The D-Train’s mechanics

A reader recently sent me this email, asking me about Dontrelle Willis:

“Considering his unique mechanics from the time he was called up in the bigs until now, I just wonder if something has changed that has either made him lose his control/command, allowed hitters to see the ball better, etc. that has caused his backslide. Let me know what you think if you have the opportunity.”

Willis’ mechanics are certainly unique. He has always been a pitcher that messes around with his mechanics, changes arm slots, and overall, just does things a little different than everyone else. Admittedly, I have not been following Willis, so I went into this analysis thinking that I wasn’t going to find anything significantly different that would make me write an article about it. I was wrong.

There are several things that I could point to in Willis’ mechanics that have changed over the years, but what instantly jumped out at me is something that I like to talk about often:


Consider this clip comparing Willis in 2005 versus Willis in his July 18 start this year:

As you can see above, I’ve started both those clips as his right leg passes over his left leg on its way to his knee lift. Willis in ’05 is better at keeping his body moving in order to help accelerate his arm. As many of you know, generally speaking, I prefer pitchers who move quickly through their delivery and use momentum to their advantage. I would bet that Willis’ velocity is consistently lower now that he’s significantly slowed himself down. I would like to point out that the July 18 start is the slowest tempo I’ve seen from Willis (and his worst velocity as well).

That said, here’s a clip tracking Willis’ tempo throughout the past few years. I synchronized all these clips from the first movement down from the top of their knee lifts. From left to right, they are in chronological order, starting with two clips from 2005, followed by two from 2006 and then three from 2007. I’ve stopped the animation every time one of the he releases the ball to show you the differences in where each one is, relative to the others.

As the above clip illustrates, the 2005 version is the quickest of them all, with the ’06 versions next, followed by the slower ’07 versions.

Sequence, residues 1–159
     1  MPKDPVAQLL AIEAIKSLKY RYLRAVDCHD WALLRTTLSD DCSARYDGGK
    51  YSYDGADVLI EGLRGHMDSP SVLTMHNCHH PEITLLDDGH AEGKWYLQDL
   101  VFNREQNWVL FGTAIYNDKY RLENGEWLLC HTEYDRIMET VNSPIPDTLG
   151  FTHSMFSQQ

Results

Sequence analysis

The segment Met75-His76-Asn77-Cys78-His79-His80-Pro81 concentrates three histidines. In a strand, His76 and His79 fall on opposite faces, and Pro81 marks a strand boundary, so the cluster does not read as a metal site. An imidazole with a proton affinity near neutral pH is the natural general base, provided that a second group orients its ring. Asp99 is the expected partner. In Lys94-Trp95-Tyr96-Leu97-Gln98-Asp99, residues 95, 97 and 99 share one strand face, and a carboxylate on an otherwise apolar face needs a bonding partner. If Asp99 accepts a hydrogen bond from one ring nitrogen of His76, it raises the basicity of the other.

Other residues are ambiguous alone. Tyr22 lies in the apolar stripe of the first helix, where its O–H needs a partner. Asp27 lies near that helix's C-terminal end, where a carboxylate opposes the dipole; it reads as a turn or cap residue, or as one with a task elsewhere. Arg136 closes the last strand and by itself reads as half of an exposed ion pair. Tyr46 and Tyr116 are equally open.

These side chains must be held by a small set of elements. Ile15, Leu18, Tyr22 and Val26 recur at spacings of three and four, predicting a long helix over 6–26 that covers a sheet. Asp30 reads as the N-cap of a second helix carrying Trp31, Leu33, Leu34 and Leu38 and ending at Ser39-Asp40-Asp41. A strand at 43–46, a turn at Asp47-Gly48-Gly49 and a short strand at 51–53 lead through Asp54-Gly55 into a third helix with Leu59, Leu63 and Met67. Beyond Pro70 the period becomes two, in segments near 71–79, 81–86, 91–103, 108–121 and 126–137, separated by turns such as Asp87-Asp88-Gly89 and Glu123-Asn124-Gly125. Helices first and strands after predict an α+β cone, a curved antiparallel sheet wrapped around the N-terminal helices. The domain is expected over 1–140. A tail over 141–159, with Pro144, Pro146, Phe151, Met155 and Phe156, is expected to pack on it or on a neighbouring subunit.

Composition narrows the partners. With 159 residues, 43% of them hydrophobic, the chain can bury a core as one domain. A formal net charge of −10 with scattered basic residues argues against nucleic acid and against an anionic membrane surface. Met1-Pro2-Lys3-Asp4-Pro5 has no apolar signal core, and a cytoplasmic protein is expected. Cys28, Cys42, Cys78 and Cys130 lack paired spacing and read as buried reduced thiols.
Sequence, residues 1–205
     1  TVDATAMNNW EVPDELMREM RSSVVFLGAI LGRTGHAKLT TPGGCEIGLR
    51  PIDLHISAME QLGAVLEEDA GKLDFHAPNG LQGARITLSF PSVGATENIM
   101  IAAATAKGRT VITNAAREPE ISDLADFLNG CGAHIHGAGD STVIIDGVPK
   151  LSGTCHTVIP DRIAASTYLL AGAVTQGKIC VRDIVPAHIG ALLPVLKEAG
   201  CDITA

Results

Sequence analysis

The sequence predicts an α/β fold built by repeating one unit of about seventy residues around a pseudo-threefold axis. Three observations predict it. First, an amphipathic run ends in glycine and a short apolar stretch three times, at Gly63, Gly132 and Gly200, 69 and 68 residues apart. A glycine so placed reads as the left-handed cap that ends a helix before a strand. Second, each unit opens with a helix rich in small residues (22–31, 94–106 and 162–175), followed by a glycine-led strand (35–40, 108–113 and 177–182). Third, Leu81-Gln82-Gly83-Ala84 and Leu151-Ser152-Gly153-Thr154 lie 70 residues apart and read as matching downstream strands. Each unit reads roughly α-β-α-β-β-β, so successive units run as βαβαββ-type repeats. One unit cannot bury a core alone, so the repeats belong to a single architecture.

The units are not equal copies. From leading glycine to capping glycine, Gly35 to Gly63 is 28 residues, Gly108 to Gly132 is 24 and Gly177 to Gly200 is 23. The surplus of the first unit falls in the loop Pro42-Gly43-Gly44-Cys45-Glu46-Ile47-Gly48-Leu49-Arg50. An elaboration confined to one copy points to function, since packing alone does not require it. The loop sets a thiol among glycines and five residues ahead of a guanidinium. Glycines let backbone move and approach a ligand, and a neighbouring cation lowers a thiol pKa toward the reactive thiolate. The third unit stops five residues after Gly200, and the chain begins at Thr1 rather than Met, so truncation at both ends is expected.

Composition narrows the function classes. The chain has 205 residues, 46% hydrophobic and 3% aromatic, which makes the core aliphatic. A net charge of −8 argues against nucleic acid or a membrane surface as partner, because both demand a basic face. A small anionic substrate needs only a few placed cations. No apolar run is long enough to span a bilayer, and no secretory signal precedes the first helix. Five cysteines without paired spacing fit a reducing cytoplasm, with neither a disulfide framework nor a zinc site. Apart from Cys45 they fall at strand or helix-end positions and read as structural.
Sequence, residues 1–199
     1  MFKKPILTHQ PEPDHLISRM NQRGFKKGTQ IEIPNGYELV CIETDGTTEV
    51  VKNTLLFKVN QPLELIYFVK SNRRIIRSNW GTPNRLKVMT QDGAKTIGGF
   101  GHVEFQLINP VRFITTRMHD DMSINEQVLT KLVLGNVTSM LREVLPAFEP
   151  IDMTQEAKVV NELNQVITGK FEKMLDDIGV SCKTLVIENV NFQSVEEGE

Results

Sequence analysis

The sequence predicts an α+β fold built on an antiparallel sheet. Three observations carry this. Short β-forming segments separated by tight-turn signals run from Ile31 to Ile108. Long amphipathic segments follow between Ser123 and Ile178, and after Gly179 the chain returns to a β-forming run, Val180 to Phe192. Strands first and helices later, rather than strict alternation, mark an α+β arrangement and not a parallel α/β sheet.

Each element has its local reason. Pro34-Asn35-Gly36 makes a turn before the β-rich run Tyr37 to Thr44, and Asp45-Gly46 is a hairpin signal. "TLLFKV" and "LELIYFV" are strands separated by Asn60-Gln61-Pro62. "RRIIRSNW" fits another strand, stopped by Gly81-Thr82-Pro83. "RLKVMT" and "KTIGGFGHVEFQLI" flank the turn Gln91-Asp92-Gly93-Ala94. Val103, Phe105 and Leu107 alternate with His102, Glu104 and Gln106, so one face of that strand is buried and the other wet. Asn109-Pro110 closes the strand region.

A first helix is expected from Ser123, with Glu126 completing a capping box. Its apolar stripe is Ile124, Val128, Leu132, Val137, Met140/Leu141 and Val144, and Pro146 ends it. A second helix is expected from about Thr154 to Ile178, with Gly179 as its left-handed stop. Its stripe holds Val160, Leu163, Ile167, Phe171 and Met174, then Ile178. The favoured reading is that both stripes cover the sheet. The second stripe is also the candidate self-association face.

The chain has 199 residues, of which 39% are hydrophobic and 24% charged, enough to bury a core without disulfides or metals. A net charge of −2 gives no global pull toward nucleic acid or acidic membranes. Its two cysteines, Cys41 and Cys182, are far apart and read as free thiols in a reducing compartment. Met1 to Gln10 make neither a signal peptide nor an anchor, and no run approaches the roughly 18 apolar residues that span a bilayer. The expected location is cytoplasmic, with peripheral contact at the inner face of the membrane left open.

When discussing Willis’ mechanics, the main comment that I hear is how he’ll have to revamp his mechanics as he ages. I understand the argument. As he gets older, it will become more and more burdensome and tiring for him to consistently repeat his high-energy delivery. I could argue that this guy successfully lifted his leg up to his face into his mid-40s, but some consider Ryan to be a freak of nature so let’s not go there.

Most pitchers do tweak and refine their mechanics as they age, and much of what Willis does in his delivery can be considered unnecessary. I vividly remember a start last year in Atlanta (that I saw in person) where he displayed his best velocity when pitching from the stretch and basically “punching-and-going” (a modified slide-step) to the plate. I happen to think that Willis would perform just as well if he were to do something like this:

That said, many will argue that Willis’ unique mechanics has a lot to do with his success. I happen to agree with that despite firmly believing that he could pitch just as well by eliminating a lot of the excess noise in his delivery. As I said when I profiled Ryan Pope, the Yankees’ 3rd round pick, pitching coaches tend to slow pitchers down who are considered to be “too fast.” In Willis’ case, it isn’t that he was too fast. It is that he was considered to be “out of control.” Judging by the July 18 start, Willis seems like he was really trying to “stay back over rubber” longer so as to prevent from “rushing.” But he did look like he was more “in control” of his body, that’s for sure.


If you’re the Marlins, do you want the slow and controlled 2007 version of Willis? Or do you prefer the “out of control,” legs flying everywhere, high-energy, looks like he’s rushing, aggressive 2005 version of Willis? I’m not claiming that Willis will instantly turn into 2005 Dontrelle if he speeds his delivery up. There’s much more to pitching than mechanics. My question is: Why not start there?

Lower the leg lift? Fine. Ask him to not counter-rotate (turn his back to the hitter) so much? That’s OK too I guess. Just don’t slow him down. His arm, the radar gun, his agent, his fans and the entire organization will be better off if he doesn’t slow down. If I’m the Marlins’ pitching coach, here’s my simple instructions to Dontrelle before his next start:
1) Speed it up
2) Get Rid of it
3) Throw the $!%? out of it

Good luck, Dontrelle.

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